The success of the breakfast program at 2GB has been generated by Alan Jones. It could well be said that Alan Jones has generated 'goodwill' over the 35 years. Looking at Marcus Paul's facebook page, he is also generating goodwill.

The next two surveys for 2020 may indicate whether the ratings at 2GB are sustained. The "Sydney share movement" may not be an indicator of where listeners have changed their listening habits. To illustrate, if 2GB's ratings are reduced by 2% in the next survey, how does one account for the 2%? Do all the 2% go to 2BL (702ABC) or RN or 'other 15%-16%' which includes 2SM and community radio? Alternatively do listeners go to music stations?

In sum, more research is needed in the missing/'other 15%-16% together with the share movement statistics.

Thank you,
Anthony of critical Belfield
Tracking down the missing radio shares
6 October 2020 - 12:30pm
It is interesting that the Australian receiver sales have stagnated.

I note that all the Pure brand digital radios and there was a wide range are now in clearance. A search for the UK and Australian websites is now fruitless. I am not surprised at this because of the huge mark ups the Australian retailers are putting on. There have been 92 million DAB+ radios made there is the volume production that Asia requires. Some EU countries are making DAB+ compulsory, so why are they so expensive.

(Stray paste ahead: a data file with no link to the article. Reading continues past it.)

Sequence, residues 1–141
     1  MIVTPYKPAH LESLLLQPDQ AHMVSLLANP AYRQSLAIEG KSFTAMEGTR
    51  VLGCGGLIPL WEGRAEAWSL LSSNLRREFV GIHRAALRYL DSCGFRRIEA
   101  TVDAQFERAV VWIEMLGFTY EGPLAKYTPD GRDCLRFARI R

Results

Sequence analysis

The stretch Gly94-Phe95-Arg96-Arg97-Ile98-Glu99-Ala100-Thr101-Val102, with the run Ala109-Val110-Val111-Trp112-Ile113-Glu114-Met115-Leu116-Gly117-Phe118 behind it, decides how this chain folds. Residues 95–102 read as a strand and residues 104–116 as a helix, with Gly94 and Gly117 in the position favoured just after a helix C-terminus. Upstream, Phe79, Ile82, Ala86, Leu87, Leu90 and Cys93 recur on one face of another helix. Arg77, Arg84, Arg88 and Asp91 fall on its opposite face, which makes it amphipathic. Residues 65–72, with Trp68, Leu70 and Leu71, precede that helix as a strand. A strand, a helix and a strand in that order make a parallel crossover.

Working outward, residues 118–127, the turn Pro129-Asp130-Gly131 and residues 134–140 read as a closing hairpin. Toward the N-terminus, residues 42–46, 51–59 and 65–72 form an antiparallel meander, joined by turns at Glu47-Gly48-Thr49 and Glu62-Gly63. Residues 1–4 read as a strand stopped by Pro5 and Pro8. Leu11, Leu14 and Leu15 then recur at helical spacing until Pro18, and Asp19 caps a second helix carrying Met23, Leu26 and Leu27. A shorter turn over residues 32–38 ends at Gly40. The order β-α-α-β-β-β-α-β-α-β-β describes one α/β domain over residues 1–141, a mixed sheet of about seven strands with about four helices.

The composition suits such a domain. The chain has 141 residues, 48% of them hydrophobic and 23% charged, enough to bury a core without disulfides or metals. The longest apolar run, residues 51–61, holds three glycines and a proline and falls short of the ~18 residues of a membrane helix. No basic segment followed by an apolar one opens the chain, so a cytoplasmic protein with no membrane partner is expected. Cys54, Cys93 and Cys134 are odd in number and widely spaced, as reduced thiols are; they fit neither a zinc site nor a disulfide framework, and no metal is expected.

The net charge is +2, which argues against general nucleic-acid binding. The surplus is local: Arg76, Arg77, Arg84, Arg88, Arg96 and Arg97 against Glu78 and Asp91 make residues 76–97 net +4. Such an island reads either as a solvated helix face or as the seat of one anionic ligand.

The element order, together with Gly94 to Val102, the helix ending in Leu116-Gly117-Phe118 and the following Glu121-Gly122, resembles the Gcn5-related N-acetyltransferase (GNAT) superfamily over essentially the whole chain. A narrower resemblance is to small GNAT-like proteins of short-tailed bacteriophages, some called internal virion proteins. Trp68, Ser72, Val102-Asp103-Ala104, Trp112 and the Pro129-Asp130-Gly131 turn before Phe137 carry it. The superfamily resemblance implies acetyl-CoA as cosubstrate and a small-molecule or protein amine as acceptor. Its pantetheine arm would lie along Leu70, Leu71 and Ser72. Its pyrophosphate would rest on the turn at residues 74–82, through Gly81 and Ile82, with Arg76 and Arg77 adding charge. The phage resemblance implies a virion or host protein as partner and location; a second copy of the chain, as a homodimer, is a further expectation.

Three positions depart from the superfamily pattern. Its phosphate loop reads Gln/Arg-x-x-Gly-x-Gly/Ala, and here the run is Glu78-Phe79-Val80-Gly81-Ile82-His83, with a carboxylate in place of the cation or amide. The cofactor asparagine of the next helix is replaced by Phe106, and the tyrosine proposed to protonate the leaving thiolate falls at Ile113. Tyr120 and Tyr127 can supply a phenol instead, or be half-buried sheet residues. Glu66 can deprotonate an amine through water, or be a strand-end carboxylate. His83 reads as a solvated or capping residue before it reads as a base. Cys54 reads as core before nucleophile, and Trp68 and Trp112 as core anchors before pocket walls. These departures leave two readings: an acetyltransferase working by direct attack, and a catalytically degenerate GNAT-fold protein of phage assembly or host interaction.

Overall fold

I suggest the following reasons;
The ACMA has not run the www.myswitch.gov.au website program set for portable reception of DAB+ signals using values set by the European Broadcasting Union to find the real coverage black holes and then filled them with low powered repeaters. Reception must be as reliable as FM.

The ABC/SBS is busily promoting listening on line, mobile and on TV instead of using a DAB+ digital radio.

40 % of our population is in regional and remote areas where DAB+ has the smallest coverage area. DRM using the vacant old TV channels 0 - 2 will give much greater coverage and all of each broadcasters' programs can be carried on one transmitter per site. Currently there is no radio coverage at all to remote areas when not listening via the VAST fixed satellite system. High Frequency (SW) DRM can cover those areas with crystal clear stereo sound.

There are now single chip digital radio decoders which can decode DAB+ and DRM so no separate radios are required.

It needs to be remembered that digital broadcasting is the cheapest way of providing programs to large numbers of listeners compared to streaming for broadcasters and listeners.